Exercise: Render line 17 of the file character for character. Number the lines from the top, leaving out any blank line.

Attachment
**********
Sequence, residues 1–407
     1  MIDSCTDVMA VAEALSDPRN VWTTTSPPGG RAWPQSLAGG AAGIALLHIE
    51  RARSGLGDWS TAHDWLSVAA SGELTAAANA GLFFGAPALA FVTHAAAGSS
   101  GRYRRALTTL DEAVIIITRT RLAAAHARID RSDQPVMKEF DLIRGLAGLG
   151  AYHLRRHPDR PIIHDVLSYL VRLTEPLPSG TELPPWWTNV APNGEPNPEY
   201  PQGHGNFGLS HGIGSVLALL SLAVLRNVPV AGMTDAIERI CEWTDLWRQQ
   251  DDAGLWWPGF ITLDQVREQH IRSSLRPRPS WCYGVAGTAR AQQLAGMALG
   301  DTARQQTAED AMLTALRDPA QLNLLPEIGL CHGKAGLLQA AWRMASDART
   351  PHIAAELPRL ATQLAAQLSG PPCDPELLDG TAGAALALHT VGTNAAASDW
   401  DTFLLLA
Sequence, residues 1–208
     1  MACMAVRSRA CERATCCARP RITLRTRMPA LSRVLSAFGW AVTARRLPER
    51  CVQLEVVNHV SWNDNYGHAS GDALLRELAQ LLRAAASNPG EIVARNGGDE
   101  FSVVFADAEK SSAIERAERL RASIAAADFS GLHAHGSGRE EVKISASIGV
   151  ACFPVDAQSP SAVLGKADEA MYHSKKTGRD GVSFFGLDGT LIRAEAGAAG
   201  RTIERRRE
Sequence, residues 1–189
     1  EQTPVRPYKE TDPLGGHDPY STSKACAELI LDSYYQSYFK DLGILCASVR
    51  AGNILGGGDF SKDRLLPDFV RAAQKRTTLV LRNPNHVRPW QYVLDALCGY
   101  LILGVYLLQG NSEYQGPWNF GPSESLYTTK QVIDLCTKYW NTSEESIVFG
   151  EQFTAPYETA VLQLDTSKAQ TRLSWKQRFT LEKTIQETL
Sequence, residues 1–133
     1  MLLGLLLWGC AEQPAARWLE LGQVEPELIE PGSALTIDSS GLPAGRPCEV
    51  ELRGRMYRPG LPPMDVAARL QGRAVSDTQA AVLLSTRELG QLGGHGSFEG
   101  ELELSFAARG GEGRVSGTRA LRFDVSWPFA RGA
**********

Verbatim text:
Sequence, residues 1–189